A Catholic environmentalist has insisted that those who demand action on tackling the climate crisis should not be labelled ‘extremists’.
The call comes after it emerged that environmental campaigners have been referred to the Home Office’s anti-terror Prevent programme amid fears they may become radicalised.
The Times has found that 45 activists were referred to Prevent over alleged environmental extremism in the past year. Prevent was set up to counter radicalism in the UK, but particularly within the Muslim community.
The figures come at a time of increased global focus on climate change and environmental issues, with activists such as Extinction Rebellion orchestrating synchronised mass protests around the world.
The prominence of teenage campaigner Greta Thunberg has also raised the profile of green causes.
Ellen Teague, of the Columban Justice, Peace and the Integrity of Creation, said she is “wary” about the language and rhetoric of terrorism being used against persons and groups linked with legitimate protests against war or environmental destruction.
“Typically, environmental defenders peacefully exercise their rights to freedom of speech, association, and assembly. The environmentalists I know who engage in civil disobedience are challenging violence in the world, not promoting it,” she told The Catholic Universe.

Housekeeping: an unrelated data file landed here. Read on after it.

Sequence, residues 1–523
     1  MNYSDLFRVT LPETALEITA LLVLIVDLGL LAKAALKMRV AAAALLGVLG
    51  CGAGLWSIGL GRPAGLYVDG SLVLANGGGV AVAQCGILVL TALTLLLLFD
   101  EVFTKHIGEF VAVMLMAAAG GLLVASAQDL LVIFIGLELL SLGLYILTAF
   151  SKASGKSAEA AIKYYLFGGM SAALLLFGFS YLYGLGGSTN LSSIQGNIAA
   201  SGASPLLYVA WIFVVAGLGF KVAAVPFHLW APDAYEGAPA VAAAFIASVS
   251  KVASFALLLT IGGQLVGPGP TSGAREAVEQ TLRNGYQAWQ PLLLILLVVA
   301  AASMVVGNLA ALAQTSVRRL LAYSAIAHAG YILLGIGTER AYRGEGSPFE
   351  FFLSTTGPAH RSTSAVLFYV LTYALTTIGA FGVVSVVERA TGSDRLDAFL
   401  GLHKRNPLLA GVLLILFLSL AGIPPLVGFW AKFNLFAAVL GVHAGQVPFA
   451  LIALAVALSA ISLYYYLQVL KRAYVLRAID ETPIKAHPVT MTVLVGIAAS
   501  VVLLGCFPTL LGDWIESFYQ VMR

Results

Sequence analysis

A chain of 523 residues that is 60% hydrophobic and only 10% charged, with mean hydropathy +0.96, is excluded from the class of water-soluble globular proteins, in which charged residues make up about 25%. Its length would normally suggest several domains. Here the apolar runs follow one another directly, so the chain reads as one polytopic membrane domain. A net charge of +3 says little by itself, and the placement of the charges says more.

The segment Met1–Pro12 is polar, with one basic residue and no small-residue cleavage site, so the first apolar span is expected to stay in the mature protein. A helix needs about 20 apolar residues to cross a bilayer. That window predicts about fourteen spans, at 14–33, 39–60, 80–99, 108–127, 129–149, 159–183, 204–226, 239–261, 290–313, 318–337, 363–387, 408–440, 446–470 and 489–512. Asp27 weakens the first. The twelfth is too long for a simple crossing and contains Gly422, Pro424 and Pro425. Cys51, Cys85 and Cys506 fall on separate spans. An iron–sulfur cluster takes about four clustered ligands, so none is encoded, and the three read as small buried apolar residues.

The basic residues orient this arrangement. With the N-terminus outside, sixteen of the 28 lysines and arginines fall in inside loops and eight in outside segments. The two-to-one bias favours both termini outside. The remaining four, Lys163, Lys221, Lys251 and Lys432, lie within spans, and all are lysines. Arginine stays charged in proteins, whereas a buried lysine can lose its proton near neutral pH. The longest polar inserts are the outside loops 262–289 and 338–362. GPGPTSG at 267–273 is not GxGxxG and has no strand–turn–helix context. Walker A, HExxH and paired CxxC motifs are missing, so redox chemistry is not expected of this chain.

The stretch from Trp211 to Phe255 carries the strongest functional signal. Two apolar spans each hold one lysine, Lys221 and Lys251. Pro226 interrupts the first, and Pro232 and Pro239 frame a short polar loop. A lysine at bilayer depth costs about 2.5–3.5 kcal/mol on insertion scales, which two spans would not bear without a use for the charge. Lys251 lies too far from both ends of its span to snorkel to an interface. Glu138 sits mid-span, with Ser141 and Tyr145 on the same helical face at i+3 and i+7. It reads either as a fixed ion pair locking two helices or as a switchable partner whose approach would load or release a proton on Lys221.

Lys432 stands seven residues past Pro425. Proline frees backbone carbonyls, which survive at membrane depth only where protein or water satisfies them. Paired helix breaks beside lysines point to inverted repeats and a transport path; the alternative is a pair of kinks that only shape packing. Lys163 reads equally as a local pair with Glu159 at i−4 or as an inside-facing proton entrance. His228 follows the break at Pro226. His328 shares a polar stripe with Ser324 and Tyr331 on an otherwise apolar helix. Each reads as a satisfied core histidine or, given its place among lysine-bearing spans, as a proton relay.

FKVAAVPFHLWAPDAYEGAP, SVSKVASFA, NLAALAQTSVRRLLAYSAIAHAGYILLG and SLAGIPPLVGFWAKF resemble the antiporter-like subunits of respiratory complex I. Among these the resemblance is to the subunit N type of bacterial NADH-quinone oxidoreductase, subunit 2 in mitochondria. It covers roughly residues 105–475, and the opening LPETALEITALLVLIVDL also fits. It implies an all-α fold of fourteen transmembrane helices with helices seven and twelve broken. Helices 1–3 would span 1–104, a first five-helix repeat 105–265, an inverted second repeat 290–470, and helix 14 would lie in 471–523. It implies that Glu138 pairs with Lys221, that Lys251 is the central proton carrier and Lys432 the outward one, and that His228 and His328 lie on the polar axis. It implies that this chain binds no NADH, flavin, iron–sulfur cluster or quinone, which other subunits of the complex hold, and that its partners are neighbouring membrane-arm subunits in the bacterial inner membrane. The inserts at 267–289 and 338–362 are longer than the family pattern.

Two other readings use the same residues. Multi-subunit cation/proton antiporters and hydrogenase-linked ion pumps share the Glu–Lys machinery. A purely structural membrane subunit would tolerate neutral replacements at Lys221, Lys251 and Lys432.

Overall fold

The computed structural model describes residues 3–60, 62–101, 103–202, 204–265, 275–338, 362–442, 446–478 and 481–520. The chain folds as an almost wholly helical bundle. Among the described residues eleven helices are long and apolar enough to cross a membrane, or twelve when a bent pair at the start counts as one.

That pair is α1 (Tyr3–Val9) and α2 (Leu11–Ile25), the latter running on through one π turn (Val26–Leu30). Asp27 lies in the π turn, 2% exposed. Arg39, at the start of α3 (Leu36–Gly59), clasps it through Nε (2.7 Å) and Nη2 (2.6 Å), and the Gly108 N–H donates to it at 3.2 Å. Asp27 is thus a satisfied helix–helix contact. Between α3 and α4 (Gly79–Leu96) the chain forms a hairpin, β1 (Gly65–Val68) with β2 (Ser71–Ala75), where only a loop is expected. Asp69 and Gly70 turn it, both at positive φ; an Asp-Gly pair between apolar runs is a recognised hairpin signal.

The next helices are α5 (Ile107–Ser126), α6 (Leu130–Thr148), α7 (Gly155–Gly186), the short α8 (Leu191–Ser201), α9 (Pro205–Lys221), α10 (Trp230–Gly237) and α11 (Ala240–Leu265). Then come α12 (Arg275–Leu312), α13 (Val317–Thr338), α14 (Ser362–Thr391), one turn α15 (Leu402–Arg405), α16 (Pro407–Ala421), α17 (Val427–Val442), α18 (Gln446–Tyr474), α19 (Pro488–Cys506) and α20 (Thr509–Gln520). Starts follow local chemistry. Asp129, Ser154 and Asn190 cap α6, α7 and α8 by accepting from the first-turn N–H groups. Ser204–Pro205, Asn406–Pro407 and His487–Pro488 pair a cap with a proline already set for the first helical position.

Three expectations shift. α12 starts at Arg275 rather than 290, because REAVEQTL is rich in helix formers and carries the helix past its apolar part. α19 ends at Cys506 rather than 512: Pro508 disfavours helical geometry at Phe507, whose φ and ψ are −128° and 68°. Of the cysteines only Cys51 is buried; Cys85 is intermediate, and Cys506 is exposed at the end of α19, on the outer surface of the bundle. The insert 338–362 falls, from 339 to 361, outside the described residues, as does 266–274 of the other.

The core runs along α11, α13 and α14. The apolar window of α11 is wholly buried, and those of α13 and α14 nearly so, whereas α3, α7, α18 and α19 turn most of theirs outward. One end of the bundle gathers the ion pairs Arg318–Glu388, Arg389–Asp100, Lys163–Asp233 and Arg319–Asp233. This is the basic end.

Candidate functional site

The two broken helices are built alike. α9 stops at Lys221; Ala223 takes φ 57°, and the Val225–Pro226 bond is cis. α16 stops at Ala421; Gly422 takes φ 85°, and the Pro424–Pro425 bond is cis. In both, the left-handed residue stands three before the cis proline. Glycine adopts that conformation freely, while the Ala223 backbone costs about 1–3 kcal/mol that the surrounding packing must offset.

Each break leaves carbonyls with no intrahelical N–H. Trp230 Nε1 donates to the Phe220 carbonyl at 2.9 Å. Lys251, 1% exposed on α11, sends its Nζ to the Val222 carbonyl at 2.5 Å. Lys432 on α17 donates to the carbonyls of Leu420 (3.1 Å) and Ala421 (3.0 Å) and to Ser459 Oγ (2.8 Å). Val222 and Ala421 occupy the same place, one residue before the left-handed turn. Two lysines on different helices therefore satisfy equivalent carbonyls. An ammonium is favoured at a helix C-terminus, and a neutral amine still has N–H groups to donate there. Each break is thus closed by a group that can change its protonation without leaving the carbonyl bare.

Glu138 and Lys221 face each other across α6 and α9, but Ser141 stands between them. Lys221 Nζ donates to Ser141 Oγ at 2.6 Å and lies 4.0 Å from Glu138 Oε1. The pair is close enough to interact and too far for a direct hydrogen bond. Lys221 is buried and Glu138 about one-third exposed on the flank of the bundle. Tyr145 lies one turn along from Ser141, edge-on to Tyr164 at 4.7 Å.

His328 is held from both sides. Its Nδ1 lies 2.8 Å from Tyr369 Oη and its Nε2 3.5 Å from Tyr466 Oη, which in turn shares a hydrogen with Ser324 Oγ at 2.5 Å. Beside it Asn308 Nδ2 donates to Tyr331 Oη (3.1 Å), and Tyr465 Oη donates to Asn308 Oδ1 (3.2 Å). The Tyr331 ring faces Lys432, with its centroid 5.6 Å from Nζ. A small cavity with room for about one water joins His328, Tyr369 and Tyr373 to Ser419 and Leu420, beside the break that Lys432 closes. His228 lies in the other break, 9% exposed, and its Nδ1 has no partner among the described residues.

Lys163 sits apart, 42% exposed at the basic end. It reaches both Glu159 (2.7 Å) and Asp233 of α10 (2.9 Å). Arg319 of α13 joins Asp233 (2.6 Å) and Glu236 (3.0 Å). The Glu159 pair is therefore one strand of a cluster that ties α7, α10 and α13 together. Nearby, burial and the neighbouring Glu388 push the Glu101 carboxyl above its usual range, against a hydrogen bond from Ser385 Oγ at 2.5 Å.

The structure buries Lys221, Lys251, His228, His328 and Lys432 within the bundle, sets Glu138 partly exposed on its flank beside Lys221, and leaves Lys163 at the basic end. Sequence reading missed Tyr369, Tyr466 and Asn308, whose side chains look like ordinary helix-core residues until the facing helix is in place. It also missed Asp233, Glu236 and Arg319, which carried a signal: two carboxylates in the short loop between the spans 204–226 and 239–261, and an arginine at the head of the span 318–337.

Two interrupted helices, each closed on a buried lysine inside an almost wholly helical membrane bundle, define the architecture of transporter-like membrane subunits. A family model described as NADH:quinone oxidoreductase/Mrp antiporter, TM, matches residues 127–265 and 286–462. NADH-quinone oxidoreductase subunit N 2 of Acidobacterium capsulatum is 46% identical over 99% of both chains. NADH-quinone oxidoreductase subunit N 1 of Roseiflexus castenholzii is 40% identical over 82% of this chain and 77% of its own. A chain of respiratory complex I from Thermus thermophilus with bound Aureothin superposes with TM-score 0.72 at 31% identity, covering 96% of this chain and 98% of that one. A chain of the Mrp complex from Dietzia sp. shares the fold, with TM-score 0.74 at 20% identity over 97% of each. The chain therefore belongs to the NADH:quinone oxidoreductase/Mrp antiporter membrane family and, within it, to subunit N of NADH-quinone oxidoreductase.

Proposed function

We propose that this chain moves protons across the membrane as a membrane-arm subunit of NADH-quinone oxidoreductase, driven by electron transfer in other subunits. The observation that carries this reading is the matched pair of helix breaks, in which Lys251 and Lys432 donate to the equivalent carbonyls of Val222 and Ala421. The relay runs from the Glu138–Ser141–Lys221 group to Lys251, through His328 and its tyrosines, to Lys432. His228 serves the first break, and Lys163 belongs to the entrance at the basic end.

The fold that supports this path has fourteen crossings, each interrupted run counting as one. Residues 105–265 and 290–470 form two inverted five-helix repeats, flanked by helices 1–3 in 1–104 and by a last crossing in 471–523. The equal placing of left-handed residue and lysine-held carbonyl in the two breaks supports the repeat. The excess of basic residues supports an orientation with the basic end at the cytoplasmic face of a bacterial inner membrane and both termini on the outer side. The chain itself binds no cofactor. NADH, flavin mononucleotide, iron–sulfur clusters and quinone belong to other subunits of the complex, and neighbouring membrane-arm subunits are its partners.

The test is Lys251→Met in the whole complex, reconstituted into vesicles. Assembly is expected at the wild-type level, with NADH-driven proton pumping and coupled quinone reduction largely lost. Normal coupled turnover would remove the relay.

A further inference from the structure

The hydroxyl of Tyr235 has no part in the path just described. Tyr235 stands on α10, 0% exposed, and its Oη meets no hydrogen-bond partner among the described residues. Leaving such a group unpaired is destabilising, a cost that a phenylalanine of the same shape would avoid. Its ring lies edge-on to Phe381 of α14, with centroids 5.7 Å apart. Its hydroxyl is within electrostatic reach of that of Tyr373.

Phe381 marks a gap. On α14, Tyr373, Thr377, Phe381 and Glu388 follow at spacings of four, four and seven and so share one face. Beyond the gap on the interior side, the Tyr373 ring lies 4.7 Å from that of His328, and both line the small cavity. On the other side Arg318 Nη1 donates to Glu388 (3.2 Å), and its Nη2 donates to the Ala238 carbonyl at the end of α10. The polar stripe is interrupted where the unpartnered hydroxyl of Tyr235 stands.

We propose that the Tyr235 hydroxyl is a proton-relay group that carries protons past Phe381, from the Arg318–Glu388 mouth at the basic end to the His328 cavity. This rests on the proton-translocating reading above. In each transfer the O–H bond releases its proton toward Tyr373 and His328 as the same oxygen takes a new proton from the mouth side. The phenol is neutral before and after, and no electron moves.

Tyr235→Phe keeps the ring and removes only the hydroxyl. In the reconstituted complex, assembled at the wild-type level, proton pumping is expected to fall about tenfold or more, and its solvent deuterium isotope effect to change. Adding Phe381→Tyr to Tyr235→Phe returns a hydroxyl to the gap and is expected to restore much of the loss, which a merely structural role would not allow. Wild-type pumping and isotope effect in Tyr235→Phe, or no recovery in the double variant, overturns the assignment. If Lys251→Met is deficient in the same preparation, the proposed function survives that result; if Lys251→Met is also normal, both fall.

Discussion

“Those demanding action on tackling the climate crisis should be heard without fear of being labelled ‘extremists’.
“In Britain, groups such as Christian Climate Action practice non-violence; they are forced into radical peaceful action because it moves climate change up the public agenda.”
One of their members had recently told her that “I’ve tried everything else over the years, but nothing worked so well”.
“Those protecting ancient woodland from the HS2 project, trying to stop airport expansion, or undermine fossil fuel investment are doing a service of promoting the common good for the whole society,” she added.
Prevent was launched in 2003 as a counter-terrorism programme and relies on tip-offs in identifying those who may be at risk of becoming radicalised to commit acts of terrorism.
Green Party peer Baroness Jenny Jones said: “The use of Prevent to deal with social campaigners and environmentalists shows that the Home Office and politicians need to urgently define domestic extremism and give the police a tight legal definition that they have to stick to.
“I want the police to be focused on dealing with serious crimes, rather than chasing round after people who are peacefully taking part in the democratic process.”
Picture: Children take part in the YouthStrike4Climate movement. (Gareth Fuller/PA).